NASA and private rocket company SpaceX are set to launch four astronauts to the International Space Station Sunday morning from the Kennedy Space Center in Florida. It’s the fifth human launch into orbit from the U.S. since the end of the Space Shuttle program in 2011.
Inside NASA’s Mission Control Center in Houston, Texas, there will be a bouquet of roses. It’s a long-standing tradition started by one Texas family in 1988 to show its support to the people responsible for the safe launch and return of NASA’s astronauts.
Mark Shelton never worked for NASA, but he followed the space program from the beginning — from the early Mercury missions, the Gemini flights and the Apollo moon landings. “I always wanted to be an astronaut.”
He watched the Shuttle program through 1986, during the launch for Space Shuttle Challenger. Seventy-three seconds after liftoff the orbiter exploded, killing all 7 astronauts.
“Today is a day for mourning and remembering,” said President Ronald Regan in an address to the nation. “Nancy and I are pained to the core over the tragedy of Shuttle Challenger. We know we share this pain with all the people of our country. We know this is truly a national loss.”
NASA investigated the tragedy and resumed flying the shuttle two and a half years later.
For that first flight since the Challenger disaster, Mark, Terry and their daughter MacKenzie decided to send a bouquet of roses. Mark called a florist near NASA’s Johnson Space Center and ordered six roses — five for each of the astronauts returning on Space Shuttle Discovery’s mission, the first since the Challenger accident, and one white rose to represent the lives lost.
He wasn’t sure it would even get to mission control, let alone on time. He watched the landing during lunch, then returned to work.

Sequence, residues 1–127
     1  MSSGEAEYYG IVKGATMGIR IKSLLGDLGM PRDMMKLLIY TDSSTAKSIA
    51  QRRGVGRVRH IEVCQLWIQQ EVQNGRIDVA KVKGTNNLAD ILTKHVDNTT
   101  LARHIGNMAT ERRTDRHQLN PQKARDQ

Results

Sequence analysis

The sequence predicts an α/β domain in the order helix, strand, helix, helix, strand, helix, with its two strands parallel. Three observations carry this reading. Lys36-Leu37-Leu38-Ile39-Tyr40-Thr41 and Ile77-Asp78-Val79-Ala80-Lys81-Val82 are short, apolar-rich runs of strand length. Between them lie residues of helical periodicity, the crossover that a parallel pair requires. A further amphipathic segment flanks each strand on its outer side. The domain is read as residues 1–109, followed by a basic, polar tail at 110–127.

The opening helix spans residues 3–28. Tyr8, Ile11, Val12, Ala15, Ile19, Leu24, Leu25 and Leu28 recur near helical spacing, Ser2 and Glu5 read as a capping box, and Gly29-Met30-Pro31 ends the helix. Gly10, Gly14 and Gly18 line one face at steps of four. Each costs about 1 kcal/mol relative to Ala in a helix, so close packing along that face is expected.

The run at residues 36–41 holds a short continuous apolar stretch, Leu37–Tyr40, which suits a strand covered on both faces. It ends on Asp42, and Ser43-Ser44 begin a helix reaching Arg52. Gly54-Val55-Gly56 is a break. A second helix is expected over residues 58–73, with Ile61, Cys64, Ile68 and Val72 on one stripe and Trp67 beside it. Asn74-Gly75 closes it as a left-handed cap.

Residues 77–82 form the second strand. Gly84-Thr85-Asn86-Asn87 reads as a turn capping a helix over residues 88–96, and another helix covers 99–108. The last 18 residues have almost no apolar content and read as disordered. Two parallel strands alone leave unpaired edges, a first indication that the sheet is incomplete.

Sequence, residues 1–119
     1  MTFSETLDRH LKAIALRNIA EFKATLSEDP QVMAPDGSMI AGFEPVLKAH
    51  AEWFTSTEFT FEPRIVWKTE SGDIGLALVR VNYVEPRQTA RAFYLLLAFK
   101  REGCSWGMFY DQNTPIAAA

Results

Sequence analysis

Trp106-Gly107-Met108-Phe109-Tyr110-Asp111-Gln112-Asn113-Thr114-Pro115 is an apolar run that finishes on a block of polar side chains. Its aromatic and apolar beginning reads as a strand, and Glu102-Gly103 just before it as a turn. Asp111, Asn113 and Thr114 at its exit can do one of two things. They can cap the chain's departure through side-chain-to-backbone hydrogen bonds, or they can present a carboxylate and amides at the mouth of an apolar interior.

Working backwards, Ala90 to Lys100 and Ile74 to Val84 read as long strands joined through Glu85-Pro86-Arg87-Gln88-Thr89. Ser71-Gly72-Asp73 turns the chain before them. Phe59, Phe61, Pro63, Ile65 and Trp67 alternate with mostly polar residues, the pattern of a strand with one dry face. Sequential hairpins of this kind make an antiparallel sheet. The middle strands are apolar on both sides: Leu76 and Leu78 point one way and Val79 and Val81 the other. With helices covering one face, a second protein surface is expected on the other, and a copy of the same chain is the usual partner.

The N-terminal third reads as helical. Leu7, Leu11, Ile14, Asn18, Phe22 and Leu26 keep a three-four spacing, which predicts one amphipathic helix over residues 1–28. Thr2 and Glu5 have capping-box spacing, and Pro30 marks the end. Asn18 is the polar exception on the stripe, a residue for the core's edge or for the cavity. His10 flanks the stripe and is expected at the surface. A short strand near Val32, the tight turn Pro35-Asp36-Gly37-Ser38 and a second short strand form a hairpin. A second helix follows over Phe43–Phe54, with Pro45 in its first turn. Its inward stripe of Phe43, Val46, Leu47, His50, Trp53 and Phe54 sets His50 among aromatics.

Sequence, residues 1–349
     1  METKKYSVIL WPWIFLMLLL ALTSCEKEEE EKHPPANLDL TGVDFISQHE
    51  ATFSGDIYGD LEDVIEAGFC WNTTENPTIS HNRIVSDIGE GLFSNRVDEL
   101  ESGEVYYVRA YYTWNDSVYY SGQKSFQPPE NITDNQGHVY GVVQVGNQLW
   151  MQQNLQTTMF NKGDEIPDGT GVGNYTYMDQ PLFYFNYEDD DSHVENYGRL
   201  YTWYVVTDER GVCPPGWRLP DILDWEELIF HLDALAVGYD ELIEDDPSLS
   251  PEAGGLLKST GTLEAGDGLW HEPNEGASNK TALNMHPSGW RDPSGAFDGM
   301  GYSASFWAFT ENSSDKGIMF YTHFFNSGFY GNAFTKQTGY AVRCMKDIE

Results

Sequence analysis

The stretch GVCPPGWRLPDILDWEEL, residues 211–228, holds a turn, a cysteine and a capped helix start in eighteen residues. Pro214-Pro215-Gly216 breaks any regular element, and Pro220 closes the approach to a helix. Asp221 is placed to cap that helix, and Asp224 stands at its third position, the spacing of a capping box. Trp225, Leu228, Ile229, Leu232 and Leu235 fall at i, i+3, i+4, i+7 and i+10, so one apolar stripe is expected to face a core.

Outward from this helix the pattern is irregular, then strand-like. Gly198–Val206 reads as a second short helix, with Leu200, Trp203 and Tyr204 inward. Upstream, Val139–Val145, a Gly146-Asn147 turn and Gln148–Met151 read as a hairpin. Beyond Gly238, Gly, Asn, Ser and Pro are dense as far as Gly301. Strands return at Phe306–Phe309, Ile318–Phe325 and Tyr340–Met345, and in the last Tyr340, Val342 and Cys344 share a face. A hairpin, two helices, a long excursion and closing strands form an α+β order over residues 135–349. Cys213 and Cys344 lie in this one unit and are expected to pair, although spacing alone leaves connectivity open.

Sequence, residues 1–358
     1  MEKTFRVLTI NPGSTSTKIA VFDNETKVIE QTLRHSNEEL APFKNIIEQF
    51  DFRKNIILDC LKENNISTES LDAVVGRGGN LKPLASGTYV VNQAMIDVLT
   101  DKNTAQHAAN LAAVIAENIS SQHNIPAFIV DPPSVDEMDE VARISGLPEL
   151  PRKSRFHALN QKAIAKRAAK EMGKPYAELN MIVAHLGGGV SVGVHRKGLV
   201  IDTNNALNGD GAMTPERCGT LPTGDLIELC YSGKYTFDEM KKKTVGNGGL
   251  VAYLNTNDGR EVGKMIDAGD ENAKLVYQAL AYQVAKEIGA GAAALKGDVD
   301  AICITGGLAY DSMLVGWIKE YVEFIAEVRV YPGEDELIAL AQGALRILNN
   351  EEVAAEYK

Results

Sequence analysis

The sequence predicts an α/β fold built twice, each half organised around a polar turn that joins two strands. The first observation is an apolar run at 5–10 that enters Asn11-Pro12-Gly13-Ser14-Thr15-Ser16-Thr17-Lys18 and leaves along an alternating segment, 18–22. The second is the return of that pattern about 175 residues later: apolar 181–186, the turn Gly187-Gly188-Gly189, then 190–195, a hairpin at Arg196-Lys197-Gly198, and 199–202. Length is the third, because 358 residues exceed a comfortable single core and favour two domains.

“A phone rang off my desk,” he recalled when he returned to the office. It was NASA flight director Milt Heflin. “I was just in shock. I couldn’t believe it. They’re busy, they’ve got so much to do. How can they possibly be calling me?”
The roses made it. And they wouldn’t be the last. For 23 more years, Mark Shelton continued the tradition during the Space Shuttle program.
“It meant that there were people out there who paid attention,” said Paul Dye, who was in mission control for the first bouquet. “They were interested not only in the flights, the vehicle, the crew and the mission, but understood that there were a vast number of people on the ground supporting them, and caring for them. That affected us.”
NASA’s Mission Control Center is responsible for the safety of every mission and the astronauts on the International Space Station. It’s a highly trained group. While they’re not superstitious they do come to rely on certain things — like the roses from the Shelton family.
“I do remember one mission where they were delayed quite a bit,” said Dye. “We were more worried about the Shelton’s to find out what had happened to them than we were about anything that was going to affect our mission. They kind of became de facto members of the team.”
The Sheltons sent over 100 bouquets to NASA’s Mission Control Center including 14 white roses for the last Space Shuttle flight, symbolizing the lives lost in both the 1986 Challenger explosion and the 2003 Columbia accident.
The bouquet is visible to the flight controllers in the Mission Control Center. “It was always prominent, but it was never in the exact same spot,” said Dye, who retired from NASA in 2013 as the longest-serving flight director.
Mark Shelton said they do this because there are people outside of NASA rooting for the flight directors but it also serves as a symbol of the immense responsibility of those working in NASA’s Mission Control Center.
“If they were looking at those flowers, they were looking at the number of people whose life was in their hands,” he said. “That white rose is a pretty stark reminder that people have lost their lives in the space program.”
He says every card that accompanies the flowers says something different, but it’s always signed the same: Godspeed. Mark, Terry and MacKenzie.